At level off I call, “Cruise power, cruise
check,” and Greg pulls the engines right back
to 130 BMEP (brake mean effective pres-
sure), and we loaf along at 185 knots.
The overcast skies give us a bumpy
ride to about midway up the Florida coast
when we suddenly break out into the clear.
Cruising at 7,000 feet in smooth air we can
now begin the fuel mixture leaning process.
The engines have been running in auto-lean until now, but Greg talks me through
the manual leaning procedure. Each engine
is stabilized at 130 BMEP for our low
power cruise. BMEP is another gauge, like
a manifold pressure gauge, that measures
engine power. Greg wants to run the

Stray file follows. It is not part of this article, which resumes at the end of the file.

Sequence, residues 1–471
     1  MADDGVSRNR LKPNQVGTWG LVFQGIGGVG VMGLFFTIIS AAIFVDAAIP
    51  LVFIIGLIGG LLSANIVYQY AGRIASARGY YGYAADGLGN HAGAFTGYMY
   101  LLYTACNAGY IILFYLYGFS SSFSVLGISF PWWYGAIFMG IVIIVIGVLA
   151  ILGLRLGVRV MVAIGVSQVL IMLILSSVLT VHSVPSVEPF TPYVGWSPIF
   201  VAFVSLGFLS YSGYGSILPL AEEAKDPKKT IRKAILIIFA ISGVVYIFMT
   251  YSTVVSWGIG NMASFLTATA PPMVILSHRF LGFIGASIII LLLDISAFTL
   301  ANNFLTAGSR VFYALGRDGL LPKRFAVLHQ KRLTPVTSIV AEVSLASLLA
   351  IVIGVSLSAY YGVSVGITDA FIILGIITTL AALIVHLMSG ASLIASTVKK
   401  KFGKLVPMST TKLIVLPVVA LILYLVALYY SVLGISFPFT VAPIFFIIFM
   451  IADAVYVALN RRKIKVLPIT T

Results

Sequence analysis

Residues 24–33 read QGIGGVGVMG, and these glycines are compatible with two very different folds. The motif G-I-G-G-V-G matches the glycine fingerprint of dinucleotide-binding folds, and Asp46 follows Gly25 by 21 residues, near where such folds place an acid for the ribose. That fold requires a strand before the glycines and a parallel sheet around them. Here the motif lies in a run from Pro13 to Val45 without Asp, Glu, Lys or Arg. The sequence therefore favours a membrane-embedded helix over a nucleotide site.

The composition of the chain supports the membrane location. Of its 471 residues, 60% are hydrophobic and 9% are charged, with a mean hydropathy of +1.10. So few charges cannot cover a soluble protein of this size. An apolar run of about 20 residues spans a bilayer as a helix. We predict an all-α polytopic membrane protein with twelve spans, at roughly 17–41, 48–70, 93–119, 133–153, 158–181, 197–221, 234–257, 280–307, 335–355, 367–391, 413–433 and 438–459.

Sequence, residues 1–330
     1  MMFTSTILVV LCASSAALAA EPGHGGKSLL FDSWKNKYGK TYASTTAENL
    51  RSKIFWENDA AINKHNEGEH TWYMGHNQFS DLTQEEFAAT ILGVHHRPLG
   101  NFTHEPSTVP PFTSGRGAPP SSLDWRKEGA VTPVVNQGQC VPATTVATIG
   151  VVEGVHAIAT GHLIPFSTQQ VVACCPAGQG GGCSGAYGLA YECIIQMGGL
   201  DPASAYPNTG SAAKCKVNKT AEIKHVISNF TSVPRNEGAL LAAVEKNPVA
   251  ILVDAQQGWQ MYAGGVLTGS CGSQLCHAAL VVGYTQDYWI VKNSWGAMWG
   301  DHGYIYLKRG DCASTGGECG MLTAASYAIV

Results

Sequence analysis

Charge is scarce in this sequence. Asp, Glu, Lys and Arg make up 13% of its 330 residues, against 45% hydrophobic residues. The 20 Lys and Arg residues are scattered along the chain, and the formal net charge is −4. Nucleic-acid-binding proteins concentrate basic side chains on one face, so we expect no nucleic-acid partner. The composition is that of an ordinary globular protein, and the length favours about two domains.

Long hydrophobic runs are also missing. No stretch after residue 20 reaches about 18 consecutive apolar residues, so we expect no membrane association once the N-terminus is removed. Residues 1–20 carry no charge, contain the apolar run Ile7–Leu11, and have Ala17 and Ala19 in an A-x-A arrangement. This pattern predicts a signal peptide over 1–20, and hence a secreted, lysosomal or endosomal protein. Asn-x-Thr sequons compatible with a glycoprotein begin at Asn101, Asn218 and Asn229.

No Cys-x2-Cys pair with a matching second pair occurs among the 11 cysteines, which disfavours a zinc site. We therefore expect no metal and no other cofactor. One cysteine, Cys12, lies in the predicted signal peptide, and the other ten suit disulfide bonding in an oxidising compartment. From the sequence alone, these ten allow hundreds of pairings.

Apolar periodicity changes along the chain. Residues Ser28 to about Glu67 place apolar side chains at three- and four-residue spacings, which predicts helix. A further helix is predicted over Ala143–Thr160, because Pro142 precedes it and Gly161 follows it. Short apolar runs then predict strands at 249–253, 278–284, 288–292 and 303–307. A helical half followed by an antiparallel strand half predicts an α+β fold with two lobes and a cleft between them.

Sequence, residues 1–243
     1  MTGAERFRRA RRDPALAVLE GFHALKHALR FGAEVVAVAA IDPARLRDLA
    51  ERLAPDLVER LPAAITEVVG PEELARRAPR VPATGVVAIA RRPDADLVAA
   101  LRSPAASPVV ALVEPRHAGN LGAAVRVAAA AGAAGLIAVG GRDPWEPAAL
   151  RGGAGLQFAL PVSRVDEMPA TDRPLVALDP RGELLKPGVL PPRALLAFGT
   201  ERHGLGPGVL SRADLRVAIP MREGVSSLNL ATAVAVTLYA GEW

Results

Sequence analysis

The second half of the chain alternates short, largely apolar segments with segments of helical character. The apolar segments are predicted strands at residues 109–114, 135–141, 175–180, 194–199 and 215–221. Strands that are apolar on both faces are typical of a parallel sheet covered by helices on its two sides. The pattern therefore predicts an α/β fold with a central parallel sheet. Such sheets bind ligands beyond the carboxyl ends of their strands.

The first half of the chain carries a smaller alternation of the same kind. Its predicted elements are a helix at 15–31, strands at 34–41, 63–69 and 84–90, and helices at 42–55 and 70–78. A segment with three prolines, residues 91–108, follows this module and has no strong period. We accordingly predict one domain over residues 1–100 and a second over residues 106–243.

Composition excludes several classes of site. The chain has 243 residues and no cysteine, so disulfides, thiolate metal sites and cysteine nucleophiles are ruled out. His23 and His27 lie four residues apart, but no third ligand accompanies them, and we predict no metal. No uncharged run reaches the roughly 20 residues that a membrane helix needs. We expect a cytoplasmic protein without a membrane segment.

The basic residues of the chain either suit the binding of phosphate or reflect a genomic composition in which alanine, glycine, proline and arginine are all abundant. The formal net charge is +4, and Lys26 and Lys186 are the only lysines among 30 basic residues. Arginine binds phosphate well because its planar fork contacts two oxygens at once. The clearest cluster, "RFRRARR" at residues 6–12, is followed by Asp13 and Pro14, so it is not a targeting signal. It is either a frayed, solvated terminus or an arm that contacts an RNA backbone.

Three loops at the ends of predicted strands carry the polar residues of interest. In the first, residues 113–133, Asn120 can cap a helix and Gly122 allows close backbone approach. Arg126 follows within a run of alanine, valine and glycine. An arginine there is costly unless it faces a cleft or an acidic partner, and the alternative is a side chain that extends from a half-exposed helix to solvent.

engines 10 percent lean of peak. One at a
time I push the big mixture levers on the
back side of the pedestal toward the floor
until we register only 117 BMEP, then I
push the throttle back up to 130. Repeat
three more times, and we’re done.
Jeff talks to Joe Castiglioni during the flight. The trip was very social, with passengers spending most of the time out of their
seats mingling with each other and the crew, enjoying snacks, and peeking into the cockpit.
A SOCIAL OCCASION
This is a social occasion, so it’s time for me to
go back and pay attention to the clientele.
Eddy takes my place as I step back into the
cabin. Chesley “Sully” Sullenberger’s been
handling the passengers, and they are raven-
ous for pictures and to have my signature join
his on their boarding passes and their really
handsome-looking flight certificates. Wish I
had one, but today I’m just crew.
“Refined, yet brutish”
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